Free is no longer good enough – only personal relationships rule
“Watch my free seminar”, “Free whitepaper”, “Free anything”: We are getting inundated with free anything. Now that it is free, it is no longer setting companies apart like it used to, does it?
Free has become the norm and thus is no longer pulling in customers like you and I to spent money elsewhere on their web sites or any other offers for that matter. Worse, now I may get the impression that free means it may be too cheap for me paying attention to it.
How likely are you even open anything that says “free” anywhere anymore? One last thing that truly separates companies and people who present offers to you is the level of personal relationship that they create with and for you. Only when you know or at least recognize the sender will you ponder opening the mail or click on the web site links.
All of it can lead to click-to-open-angst, aka information overload. Folks who do not overload you and actually provide value should get your support. But how do you spot them?
Here are a few things to look out for when you peruse your inbox or web:
- Where everybody knows your name. They know your name and use it with a personal message. No mass mails with no one, or the opposite (everybody), under the sun in the “To” address line.
- Free means free. There is no hook at the end of the message that automatically signs you up for anything else – especially when it is not free.
- The message or content truly provides you with value. Best are the folks who almost shame you into wanting to buy something because there is so much value.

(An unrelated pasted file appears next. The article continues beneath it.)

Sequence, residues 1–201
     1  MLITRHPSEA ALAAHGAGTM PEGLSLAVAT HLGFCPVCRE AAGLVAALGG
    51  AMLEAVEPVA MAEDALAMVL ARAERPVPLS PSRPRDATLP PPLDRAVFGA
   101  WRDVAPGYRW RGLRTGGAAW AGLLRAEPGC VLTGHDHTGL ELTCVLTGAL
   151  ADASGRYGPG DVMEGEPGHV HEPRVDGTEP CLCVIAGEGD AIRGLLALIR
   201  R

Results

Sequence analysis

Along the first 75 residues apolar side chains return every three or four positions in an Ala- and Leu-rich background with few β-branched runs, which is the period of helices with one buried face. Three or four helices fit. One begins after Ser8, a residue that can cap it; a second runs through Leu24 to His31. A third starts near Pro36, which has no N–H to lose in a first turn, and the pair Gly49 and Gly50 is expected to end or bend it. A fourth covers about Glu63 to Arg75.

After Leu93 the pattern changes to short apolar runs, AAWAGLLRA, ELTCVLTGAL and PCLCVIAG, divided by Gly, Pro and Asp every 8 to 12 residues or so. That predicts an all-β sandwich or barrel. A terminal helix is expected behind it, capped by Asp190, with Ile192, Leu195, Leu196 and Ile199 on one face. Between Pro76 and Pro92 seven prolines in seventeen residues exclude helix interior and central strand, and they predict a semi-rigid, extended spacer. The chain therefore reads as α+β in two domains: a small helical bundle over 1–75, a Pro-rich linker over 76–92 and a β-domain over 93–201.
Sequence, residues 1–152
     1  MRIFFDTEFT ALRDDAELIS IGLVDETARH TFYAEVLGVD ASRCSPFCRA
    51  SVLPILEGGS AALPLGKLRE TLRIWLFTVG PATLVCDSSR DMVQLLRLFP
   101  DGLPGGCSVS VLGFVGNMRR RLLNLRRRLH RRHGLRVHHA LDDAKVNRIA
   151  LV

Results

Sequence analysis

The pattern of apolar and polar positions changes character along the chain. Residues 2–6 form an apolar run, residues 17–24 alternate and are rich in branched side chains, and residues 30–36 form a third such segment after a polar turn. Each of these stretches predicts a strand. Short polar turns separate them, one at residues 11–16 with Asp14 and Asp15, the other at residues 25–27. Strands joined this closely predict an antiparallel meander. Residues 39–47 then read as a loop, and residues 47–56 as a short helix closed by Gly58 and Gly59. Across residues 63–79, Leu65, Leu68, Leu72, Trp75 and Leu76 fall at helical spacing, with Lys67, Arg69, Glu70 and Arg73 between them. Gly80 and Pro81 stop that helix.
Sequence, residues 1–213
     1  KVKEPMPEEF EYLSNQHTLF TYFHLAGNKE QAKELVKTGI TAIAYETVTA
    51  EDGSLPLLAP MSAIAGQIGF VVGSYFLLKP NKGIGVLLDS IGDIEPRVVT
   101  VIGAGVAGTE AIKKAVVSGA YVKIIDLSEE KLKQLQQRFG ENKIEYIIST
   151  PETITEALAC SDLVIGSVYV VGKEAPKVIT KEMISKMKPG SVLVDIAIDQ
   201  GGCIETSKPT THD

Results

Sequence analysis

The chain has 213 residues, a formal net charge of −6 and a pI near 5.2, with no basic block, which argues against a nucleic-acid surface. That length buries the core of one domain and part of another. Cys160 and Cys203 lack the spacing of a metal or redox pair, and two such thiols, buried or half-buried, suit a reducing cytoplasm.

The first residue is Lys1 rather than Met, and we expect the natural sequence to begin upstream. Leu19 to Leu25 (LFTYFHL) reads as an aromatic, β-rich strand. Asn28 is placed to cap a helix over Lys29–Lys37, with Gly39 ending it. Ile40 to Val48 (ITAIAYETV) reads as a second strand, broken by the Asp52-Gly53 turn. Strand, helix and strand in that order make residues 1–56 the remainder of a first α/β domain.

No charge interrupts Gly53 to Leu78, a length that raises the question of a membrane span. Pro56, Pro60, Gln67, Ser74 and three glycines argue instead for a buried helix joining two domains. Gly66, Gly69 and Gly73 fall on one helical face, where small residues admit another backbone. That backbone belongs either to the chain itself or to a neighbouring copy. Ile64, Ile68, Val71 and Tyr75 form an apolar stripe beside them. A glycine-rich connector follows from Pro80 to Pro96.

- You frequently hear from them. No one time here-is-my-stuff-and-please-buy-it lines. Jeff Goins is an awesome writer and he offers great content that he delivers frequently.
- You do not get too much info or mail from them either. Send me more than 5 posts etc per day and I will go out of my way to unfriend you or put you into the spam mail category.
- “Every breath you take”: there is no stalking. Two or three mails with the same call to action just packaged differently still sends you towards the junk mail folder.
- They have been around long enough to have a great web presence. No Gmail e-mail addresses, web sites with old and dated (heaven forbid incorrect) material.
- There is congruence in all the material that hits your computer screen wherever you look. Color schemes, font, culture, overall presentation, and delivery of service and product are impeccably saying the same thing: We have got it together! That would be Gitomer, the sales guru for you.
- They have great reviews. Look for feedback on the web. It is easy to come by. Any rating lower than 95% is most likely not worth your time no matter what it is.
- Others know them. They are well known enough such that bloggers and other early adopters have picked up on them and posted material about them. When Seth Godin tells me about an offer, don’t you pay attention? I do, and you should too.
Do not succumb to the frustration about having way too much free stuck hit your deck. Look for material and people that appear truly sincere in the stuff they provide to you. It needs to make everyone better off. Once you find a gem like that, reward them with your clicks and heaven forbid even an order.